A great program, but your experience is 50% luck, 50% your attitude.

Pros: Teaching in Spain for 8-9 months with health insurance is a pretty good deal! You will likely have a built-in support system from the school and teachers you are working with. You'll also have a good chance to work on your Spanish, as the students often need you to translate for them. You'll be able to save up money while living abroad, making it easy to travel to other places in Europe. You can also scrape together more cash by teaching private lessons.

Cons: The quality of your experience can vary greatly depending on the region you are placed in, as each region in Spain is responsible for payment of its own language assistants. (Some regions, like Castilla y Leon, are better about paying assistants on time; Andalucia and Catalonia notoriously pay their assistants late.) Also, you're obviously going to have a different experience if you are placed in a small village versus a city, like Madrid. It's a bit of a coin toss, considering you are not guaranteed to be placed where you'd like.

Also, the application and visa process can be daunting at times, and often the program organizers simply don't have the answers you'd like them to.

Final word: Overall, a great program. The benefits are obvious, but be aware that there are downsides. I wouldn't recommend this program unless you are very comfortable speaking Spanish (or are participating with someone who is)...or unless you are a seasoned traveler/expatriate. I don't think I would recommend program for a pure anglophone's first time living abroad.

P.S. If all you have is your high school Spanish, take some classes before you go! You'll thank yourself later.

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Yes, I recommend this program

I wish I could do it again...

I taught at an elementary school 45 minutes outside of Madrid from October-July 1,. I worked 4 days a week, Tues-Friday from 9 am-2 pm and got paid 1,000 euros a month. You get paid more in Madrid because it's more expensive to live there. I absolutely loved teaching those little Spanish kids. I taught english and science (it was really basic science) mostly to 1st grade and 5th grade. Sometimes I would prepare presentations, games, or some kind of fun learning activity, but I mostly taught things from the workbook. It was really simple and so rewarding.

My spanish is also terrible, but I got by with help from other assistants and some of the teachers who spoke english really well. I lived with my husband who was getting a Masters, but I think that if I had Spanish roommates I would have learned even more.
Don't compare yourself to the other assistants who know better Spanish...just have fun and keep practicing!

It can be really scary and stressful getting a bus pass, finding an apartment (use and opening up a bank account without knowing very much Spanish, but it's a good experience for you and it would always end up working out. I would suggest when you are doing anything that has to do with visas, to bring extra copies and a color copy of important documents. My black and white copy of my passport and marriage certificate weren't good enough. BUT, don't worry near all of the chinos (convenience stores) there are little internet cafes to make copies.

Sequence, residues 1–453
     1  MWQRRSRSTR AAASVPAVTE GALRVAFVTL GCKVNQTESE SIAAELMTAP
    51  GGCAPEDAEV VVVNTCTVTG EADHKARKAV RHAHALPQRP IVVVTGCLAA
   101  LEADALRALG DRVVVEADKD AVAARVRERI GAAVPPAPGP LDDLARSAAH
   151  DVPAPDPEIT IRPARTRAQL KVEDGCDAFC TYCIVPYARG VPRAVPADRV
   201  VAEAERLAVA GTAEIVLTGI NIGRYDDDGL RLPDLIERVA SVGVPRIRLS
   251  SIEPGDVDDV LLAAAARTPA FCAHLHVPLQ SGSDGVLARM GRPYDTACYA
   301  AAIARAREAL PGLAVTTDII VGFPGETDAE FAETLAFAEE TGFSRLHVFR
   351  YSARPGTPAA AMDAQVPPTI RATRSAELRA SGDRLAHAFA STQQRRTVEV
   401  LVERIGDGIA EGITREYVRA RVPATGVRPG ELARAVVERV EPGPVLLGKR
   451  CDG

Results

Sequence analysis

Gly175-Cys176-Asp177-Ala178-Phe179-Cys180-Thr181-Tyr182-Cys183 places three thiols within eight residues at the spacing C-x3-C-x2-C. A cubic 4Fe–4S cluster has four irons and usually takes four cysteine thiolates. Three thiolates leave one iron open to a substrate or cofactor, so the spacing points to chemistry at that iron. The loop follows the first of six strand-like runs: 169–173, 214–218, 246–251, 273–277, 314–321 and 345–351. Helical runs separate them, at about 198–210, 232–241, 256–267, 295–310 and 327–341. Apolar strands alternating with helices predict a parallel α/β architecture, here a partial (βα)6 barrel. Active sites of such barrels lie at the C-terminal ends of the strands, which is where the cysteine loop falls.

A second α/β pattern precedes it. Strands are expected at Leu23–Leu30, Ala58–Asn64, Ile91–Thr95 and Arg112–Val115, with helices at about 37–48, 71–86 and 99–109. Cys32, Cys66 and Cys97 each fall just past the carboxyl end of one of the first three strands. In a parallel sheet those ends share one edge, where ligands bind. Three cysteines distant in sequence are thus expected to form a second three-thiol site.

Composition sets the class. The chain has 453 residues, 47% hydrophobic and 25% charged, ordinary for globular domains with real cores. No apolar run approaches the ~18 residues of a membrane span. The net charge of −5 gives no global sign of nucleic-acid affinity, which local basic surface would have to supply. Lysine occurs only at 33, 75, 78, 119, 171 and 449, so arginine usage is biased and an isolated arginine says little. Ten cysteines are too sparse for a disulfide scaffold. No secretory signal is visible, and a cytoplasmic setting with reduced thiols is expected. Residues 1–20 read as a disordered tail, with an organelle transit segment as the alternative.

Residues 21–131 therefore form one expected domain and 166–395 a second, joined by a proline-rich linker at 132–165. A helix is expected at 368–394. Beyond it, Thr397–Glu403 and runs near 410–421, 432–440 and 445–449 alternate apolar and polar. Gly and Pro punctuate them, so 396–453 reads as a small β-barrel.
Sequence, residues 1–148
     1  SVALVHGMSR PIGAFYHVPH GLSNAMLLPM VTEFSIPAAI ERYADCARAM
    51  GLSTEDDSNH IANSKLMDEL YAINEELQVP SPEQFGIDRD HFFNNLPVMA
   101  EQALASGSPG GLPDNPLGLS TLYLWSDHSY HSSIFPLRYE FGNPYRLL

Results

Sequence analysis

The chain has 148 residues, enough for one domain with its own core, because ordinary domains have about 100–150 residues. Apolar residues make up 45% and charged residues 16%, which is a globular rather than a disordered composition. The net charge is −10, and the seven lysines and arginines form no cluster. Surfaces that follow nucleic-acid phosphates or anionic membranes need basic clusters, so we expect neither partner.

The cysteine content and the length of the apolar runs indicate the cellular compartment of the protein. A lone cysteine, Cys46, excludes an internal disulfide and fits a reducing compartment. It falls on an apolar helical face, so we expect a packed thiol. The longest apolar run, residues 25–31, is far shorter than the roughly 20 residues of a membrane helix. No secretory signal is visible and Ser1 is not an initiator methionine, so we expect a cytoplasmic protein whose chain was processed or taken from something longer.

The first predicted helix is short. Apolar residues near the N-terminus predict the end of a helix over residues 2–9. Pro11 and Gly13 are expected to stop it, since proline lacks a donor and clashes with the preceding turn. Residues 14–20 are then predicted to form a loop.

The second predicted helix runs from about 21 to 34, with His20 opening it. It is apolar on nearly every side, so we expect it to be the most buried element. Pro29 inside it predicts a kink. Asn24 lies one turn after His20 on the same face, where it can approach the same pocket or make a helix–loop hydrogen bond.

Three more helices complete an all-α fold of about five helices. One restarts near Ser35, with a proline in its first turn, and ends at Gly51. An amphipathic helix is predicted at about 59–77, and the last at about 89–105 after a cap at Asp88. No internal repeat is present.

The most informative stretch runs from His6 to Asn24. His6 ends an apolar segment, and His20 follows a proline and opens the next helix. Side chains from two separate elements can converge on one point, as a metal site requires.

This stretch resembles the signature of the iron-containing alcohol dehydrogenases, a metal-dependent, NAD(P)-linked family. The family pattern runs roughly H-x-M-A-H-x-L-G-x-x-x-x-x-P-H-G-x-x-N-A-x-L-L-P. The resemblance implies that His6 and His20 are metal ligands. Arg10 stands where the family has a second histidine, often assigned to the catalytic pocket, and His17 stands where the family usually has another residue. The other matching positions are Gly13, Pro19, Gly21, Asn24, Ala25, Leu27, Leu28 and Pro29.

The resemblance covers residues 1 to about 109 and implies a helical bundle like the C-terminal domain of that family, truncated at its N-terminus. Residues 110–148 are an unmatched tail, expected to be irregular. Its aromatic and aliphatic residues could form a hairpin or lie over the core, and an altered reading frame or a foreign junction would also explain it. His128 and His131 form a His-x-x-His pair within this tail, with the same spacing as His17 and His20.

OH I loved Madrid, but If I could do it again I would go to Basque Country (Bilbao, San Sebastian), Granada, or Barcelona. I like to be closer to the coast and I love those places, especially Granada and San Sebastian. I wish I could go back so much. My heart aches, I miss it so much. It was a really great program and I think you should do it.

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Yes, I recommend this program

Came back for a second year in the Basque Country

I participated in the North America Language and Culture Assistants in Spain program for eight months during the 2009-2010 school year. I taught classes at a secondary school (ages 12-18) in the province of Álava in el País Vasco and lived in Bilbao.

Prior to arriving, I didn't really have a clear idea of what I would be doing on a day-to-day basis at my school. According to the program manual, Language Assistants help out in English classes, focusing specifically on speaking and listening. I assumed I would be helping with activities planned by the teachers and that I would not be left alone to lead classes. But I was wrong. I was the first Language Assistant my school had ever had and they decided to give me an hour per week with each of the groups, teaching alone. The teachers asked me to do certain activities from the textbooks and then to create supplemental activities like games and listening to songs to review grammar and vocabulary.

While challenging at first, I quickly figured out how to plan and carry out a class. There were definitely some tough groups, but overall I had a great experience. The teachers in the language department supported me in my role as a Language Assistant and also in my life outside my school.

My job only required 12 hours of teaching a week and I spent between two and five hours planning lessons, so there was a lot of free time left for other activities. For me that consisted mainly of going on long walks around Bilbao, hiking in the beautiful mountains on the weekends, reading, cooking, and watching lots of Spanish television (you know, to keep improving my Spanish). Other auxiliares in Bilbao found fun things to do like clubbing, going to concerts, and doing language exchanges in pubs.